Rev. Kyles is a founding national board member of People United to Serve Humanity (PUSH) and a current national board and executive committee member of Rainbow Coalition/PUSH. Serving as Executive Director of Rainbow/PUSH-Memphis and Executive Producer of its weekly radio broadcast for more than 30 years, he led one of the most effective and active chapters of this national civil rights organization. Hundreds of people flocked to the weekly PUSH meetings on Saturdays and became inspired to enlist in the struggle. Trained in the principle of nonviolence, they took to the streets to march for justice. As a member of the national PUSH executive leadership, Rev. Kyles helped develop the strategy and push for economic parity that included signing covenant agreements with some of America’s leading corporations to hire, promote, and conduct business with African Americas. The impact of those efforts continues today.
He is a pioneer in many efforts that focus on justice, equality and improving the quality of life for those who live on the margins. He served on the Tennessee Human Rights Commission for many years and held hearings where ordinary citizens had the opportunity to tell their personal stories of discrimination and unfair practices.
On the political front, Rev. Kyles has been in the forefront of breaking down barriers for African Americans. His advice has been sought numerous times in campaigns that have resulted in the election of African Americans to positions not previously held by minorities. He was a key participant in the small citizens’ group who filed a lawsuit to eliminate the runoff in Memphis elections, a major effort that contributed to the 1991 historic election of Dr. W.W. Herenton as the city’s first African American mayor. He has seized many opportunities to get African Americans appointed to public office and boards, including helping to coordinate the historic Black Monday campaign to get the first African American superintendent of Memphis City Schools. He has been a relentless force in the movement for fair representation of African Americans to elected and appointed positions.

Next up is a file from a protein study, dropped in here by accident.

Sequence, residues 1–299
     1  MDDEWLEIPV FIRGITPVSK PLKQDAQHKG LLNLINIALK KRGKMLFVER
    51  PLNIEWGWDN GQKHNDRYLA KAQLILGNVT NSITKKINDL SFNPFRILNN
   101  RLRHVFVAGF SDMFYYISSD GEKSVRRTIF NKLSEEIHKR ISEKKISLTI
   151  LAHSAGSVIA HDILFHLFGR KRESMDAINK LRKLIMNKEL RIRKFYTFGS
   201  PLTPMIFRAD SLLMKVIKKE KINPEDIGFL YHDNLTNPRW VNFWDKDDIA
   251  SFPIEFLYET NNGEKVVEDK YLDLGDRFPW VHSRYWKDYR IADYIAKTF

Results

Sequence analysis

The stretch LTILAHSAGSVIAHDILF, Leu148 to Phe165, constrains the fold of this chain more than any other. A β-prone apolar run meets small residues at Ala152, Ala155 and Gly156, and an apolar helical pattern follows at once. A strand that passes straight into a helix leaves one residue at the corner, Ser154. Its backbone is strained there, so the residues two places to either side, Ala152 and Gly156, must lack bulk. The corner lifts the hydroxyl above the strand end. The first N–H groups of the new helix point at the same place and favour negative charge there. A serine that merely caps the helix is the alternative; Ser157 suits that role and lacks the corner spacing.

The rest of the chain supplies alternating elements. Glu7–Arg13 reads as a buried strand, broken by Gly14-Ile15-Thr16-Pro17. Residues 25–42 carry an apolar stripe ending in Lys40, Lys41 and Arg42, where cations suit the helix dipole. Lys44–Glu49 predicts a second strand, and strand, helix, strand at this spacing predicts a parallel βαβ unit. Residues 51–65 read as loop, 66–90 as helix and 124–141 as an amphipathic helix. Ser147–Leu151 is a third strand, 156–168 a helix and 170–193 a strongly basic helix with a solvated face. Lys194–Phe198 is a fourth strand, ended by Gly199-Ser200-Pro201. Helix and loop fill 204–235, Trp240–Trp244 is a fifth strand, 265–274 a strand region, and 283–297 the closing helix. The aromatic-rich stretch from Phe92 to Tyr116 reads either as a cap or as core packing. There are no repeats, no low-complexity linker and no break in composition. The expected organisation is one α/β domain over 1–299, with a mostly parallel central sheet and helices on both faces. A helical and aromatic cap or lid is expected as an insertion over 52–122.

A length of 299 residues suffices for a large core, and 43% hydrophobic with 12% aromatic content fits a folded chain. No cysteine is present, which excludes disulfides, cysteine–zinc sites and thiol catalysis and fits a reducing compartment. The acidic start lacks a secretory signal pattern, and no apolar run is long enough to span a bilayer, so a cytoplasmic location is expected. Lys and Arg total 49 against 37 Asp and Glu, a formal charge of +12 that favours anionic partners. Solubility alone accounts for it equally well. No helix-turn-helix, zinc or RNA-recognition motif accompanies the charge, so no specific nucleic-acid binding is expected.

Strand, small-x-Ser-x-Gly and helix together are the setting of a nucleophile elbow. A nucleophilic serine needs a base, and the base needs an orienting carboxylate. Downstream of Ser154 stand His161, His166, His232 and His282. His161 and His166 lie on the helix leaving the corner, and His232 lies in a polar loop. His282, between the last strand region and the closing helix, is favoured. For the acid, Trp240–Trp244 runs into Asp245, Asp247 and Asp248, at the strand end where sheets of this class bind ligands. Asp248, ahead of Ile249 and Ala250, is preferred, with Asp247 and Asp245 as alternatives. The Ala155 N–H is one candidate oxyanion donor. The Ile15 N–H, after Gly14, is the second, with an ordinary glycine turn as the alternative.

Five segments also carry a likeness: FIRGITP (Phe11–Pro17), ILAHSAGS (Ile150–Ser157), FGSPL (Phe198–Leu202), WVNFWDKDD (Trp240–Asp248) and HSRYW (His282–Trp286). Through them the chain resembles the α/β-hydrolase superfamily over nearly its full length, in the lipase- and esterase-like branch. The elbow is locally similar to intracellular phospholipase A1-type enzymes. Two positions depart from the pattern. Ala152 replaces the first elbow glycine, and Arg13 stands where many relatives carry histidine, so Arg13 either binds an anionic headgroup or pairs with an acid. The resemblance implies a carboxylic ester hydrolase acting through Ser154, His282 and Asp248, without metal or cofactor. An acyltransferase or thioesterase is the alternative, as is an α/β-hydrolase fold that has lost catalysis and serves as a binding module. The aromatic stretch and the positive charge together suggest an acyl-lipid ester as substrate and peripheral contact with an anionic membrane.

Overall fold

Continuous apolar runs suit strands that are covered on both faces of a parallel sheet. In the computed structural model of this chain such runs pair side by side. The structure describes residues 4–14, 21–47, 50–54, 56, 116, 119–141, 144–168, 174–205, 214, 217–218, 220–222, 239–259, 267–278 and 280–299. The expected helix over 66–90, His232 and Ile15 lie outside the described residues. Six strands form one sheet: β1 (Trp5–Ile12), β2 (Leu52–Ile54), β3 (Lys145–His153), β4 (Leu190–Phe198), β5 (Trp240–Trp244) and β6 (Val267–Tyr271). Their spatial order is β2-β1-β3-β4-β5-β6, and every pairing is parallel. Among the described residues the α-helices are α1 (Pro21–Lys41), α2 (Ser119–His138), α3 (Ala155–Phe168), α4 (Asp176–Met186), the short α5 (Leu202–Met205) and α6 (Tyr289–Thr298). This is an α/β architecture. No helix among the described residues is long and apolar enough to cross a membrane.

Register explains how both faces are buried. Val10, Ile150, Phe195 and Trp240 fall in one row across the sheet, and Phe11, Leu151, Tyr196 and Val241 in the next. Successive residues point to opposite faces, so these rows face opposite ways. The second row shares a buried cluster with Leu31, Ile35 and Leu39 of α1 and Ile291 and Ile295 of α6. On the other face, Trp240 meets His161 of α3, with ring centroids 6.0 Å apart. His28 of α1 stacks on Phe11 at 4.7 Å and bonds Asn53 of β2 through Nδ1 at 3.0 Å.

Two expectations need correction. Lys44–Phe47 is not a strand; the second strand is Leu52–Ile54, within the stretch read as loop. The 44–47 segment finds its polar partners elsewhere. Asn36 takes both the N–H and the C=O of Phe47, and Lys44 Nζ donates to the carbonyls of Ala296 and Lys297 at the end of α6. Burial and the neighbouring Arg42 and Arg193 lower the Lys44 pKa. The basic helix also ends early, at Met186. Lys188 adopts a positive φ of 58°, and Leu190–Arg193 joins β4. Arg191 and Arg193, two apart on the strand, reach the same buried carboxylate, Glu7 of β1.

A constant solider on the battlefield, Rev. Kyles served on the Advisory Committee on Religious Freedom Abroad during the Clinton Administration, investigating religious persecution throughout the world. In 1998, he served as a panelist at the White House Conference on Hate Crimes. He currently serves on a committee investigating alleged misconduct of ICE and violations of civil rights of immigrants in the U.S.
Supporting human rights and economic development in Africa, Rev. Kyles has traveled extensively to the motherland. He has been a delegate to the African/African American Summit and a delegate to the African National Congress’ (ANC’s) 1993 International Solidarity Conference in South Africa. One of 600 delegates, Rev. Kyles participated in the first ANC meeting on its own soil. In 1994, he served as a monitor in South Africa’s first multi-racial election.
He has received numerous awards, including the Tennessee Living Legend, 2005 Trumpet Spiritual Enlightenment and the 2009 Ford Freedom Legacy awards. His life and witness challenge us to serve and to actively participate in making our world better, not just for ourselves and our families but all of humankind, especially the "least of these."